The primary takeaway should be that security events happen, and they happen to everyone. We see listed in the various data/security breach lists large companies that generate billions in revenue per year, companies that specialise in or have a focus on security and data, companies with system and security teams larger than many small to medium businesses. As a small to medium sized business owner, one would ask themselves, if the large players are being breached, how am I ever supposed to survive?
The most critical concern with cyber security is to be prepared. If you deal with client or financial data, or you rely on your reputation to trade you must invest in preparedness and have a plan in the event of a worst case scenario. A critical piece of the puzzle is penetration testing. If you do not know your weaknesses or potential points of entry, online and offline, then any investment you make may be a waste of time, resources and funds.
Penetration testing, often referred to as “pen testing” or “ethical hacking,” is a proactive security assessment technique. It simulates real-world cyberattacks to identify vulnerabilities within an organisation’s IT infrastructure, applications, and networks. The primary goal of penetration testing is to discover weaknesses before malicious actors exploit them.
In the context of cloud security, penetration testing involves assessing the security controls and configurations of cloud-based services, infrastructure, and applications. It aims to pinpoint potential weaknesses that could lead to data breaches, service disruptions, or unauthorised access. Regular penetration testing is the lynchpin of a robust cybersecurity strategy, especially in cloud environments where the attack surface is vast and dynamic.
Know your weakness, counteract and or fix your weaknesses and undertake regular review and improvement. Create a plan to maintain and monitor online and offline access, and prepare a clear and transparent plan for quickly addressing the situation should the worst case occur. Most organisations now leverage the cloud in some aspect of their business. Penetration testing for cloud security is a critical component of being prepared. There are a number of key considerations when leveraging penetration testing for your organisation.
- Identifying Vulnerabilities: One of the fundamental reasons to conduct regular penetration testing in cloud security is to identify vulnerabilities. Cloud environments are complex, often involving a myriad of services, configurations, and interconnected components. These complexities can lead to misconfigurations or overlooked security gaps, leaving organisations exposed to risks. Penetration testing helps uncover these vulnerabilities, providing organisations with actionable insights to strengthen their security posture.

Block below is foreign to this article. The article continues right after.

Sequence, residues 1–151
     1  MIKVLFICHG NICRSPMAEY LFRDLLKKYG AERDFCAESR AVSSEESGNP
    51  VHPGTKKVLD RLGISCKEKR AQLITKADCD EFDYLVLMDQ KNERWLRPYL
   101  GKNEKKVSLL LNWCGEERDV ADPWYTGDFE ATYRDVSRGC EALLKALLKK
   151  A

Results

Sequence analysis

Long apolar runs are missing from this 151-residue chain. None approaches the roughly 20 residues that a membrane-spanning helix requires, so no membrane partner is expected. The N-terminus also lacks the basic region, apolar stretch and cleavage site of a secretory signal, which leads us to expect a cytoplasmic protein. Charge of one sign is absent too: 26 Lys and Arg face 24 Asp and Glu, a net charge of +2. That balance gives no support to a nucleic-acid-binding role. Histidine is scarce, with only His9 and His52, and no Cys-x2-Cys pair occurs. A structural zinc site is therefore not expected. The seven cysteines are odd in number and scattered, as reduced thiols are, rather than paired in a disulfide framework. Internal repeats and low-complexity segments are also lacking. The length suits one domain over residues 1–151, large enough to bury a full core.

- Assessing Cloud Provider Security: Many organisations rely on third-party cloud providers like Amazon Web Services (AWS), Microsoft Azure, or Google Cloud Platform (GCP). While these providers offer robust security measures, the shared responsibility model means that customers are responsible for securing their own data and configurations within the cloud environment. Penetration testing allows organisations to assess whether their cloud providers’ security controls are effective and whether any additional security measures are necessary.
- Adapting to Evolving Threats: Cyber threats are constantly evolving. Attackers employ new tactics and techniques to exploit vulnerabilities. Regular penetration testing helps organisations stay ahead of these threats by testing their defences against the latest attack vectors. It enables organisations to adapt their security strategies to mitigate emerging risks effectively.
- Meeting Compliance Requirements: Many industries and regulatory bodies require organisations to adhere to specific cybersecurity standards and compliance regulations. Regular penetration testing is often a mandatory requirement to demonstrate due diligence in maintaining the security of sensitive data. It helps organisations meet compliance obligations, avoid penalties, and build trust with customers and partners.
- Enhancing Incident Response Preparedness: In the unfortunate event of a security breach, incident response is crucial to minimise damage and recover quickly. Penetration testing not only helps identify vulnerabilities but also provides an opportunity to test and improve incident response plans. Organisations can evaluate how well they detect, respond to, and mitigate security incidents within their cloud environments.
- There are numerous issues experienced with cloud storage that are unearthed and monitored using penetration testing. There are also a number of very common vulnerabilities that penetration testers frequently encounter during their assessments.